As I could see and hear in Paoua, the presence and violent activities of armed groups continue to be a deterrent forcing civilians to remain displaced for long periods of time. It is concerning that entire areas of the Central African Republic have been emptied of communities who had lived there for generations and now strive to maintain family ties, although the social fabric of their towns and villages has been torn apart.

Insecurity also restricts humanitarian access and undermines the response to the most vulnerable. The Central African Republic is one of the most dangerous countries for humanitarian actors to operate in. In 2017, 14 humanitarian workers lost their lives – a 43 per cent increase from the previous year. In the first two months of 2018 alone, six education workers and four health practitioners were killed. In the past year, violence against aid workers has often led to temporary suspensions of humanitarian activities, leaving vulnerable men, women and children without required life-saving assistance.

I therefore reiterate the call I made in the Central African Republic to all parties, and those who have influence in the region and beyond, to respect and ensure the protection of civilians and humanitarian workers and to facilitate humanitarian access. All parties to the conflict must comply with International Humanitarian Law and International Human Rights Law obligations.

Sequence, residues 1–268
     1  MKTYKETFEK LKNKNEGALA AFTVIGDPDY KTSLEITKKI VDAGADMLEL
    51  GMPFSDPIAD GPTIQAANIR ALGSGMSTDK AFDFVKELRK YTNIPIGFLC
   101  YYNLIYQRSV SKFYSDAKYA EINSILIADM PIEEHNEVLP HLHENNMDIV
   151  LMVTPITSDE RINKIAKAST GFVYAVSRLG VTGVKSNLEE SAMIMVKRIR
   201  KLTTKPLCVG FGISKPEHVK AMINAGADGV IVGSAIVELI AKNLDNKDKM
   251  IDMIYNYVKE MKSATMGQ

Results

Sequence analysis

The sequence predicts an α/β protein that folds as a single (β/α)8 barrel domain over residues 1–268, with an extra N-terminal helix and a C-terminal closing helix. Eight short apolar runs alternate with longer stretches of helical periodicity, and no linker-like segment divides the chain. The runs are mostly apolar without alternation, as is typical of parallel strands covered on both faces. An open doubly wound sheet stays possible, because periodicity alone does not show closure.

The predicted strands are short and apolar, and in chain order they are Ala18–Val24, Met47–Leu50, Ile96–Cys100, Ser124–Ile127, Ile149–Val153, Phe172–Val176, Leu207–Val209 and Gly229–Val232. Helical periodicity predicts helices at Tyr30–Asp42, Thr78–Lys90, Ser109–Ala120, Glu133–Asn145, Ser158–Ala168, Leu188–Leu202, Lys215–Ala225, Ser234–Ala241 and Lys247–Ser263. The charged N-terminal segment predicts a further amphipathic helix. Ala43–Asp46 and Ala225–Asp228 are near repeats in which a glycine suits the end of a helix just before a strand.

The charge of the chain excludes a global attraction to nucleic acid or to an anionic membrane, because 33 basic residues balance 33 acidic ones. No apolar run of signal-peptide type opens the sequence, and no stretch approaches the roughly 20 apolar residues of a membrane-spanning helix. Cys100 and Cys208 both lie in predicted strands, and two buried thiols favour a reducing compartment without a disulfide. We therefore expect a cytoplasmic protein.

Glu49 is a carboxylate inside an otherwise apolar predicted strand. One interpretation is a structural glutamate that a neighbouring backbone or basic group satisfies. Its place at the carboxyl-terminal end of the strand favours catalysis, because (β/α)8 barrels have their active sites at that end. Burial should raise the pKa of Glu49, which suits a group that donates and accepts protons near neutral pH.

Despite the challenges I have mentioned, there is room for hope. The international community, the authorities and the population of the Central African Republic have a strong commitment for the restoration of stability in the country. The people of the Central African Republic want peace, justice and reconciliation. They want to return safely to their homes and rebuild their lives. They want to contribute to the development of their country.

Humanitarian workers continue to stay and to deliver despite persistent insecurity. I met with international NGOs and local NGOs, and I was really impressed and inspired by their dedication and their courage to put their lives on the line to provide humanitarian assistance and protection day by day.

In 2017, 637,000 people received emergency food assistance, 1.4 million people received clean water assistance, while 447,000 IDPs and affected comminutes received aid in sanitation. 27,000 severely acutely malnourished children under the age of five received nutrition support. Over 5,000 households received shelter, non-food items or cash transfers and 22,000 households in IDP sites received access to basic services. As humanitarians continue to save lives and alleviate suffering, it is critical that development actors step up their efforts to address the root causes of the crisis. This will help put an end to the vicious cycle of violence and support the authorities in providing basic social services.

Yet, serious underfunding continues to hamper the work of aid organizations. This year, the Humanitarian Response Plan (HRP) for the Central African Republic, requires almost US$516 million, but so far only 2 percent has been received. Last year, the HRP – in the whole year – received only 39 per cent of its $497 million requirement.

I want to take this opportunity to thank our esteemed donors for their continued support, which allowed the humanitarian community to meet the needs of 1.3 million people in 2017, despite the security and financial constraints I mentioned. And I call on your continuous support to prevent a further deterioration. We cannot afford to neglect the crisis in the Central African Republic any longer, or the price to pay will be much higher than the investments already made.

Thank you very much, and I would now like to give the floor to Her Excellency the Permanent Representative of the Central African Republic to the United Nations.

UN Office for the Coordination of Humanitarian Affairs: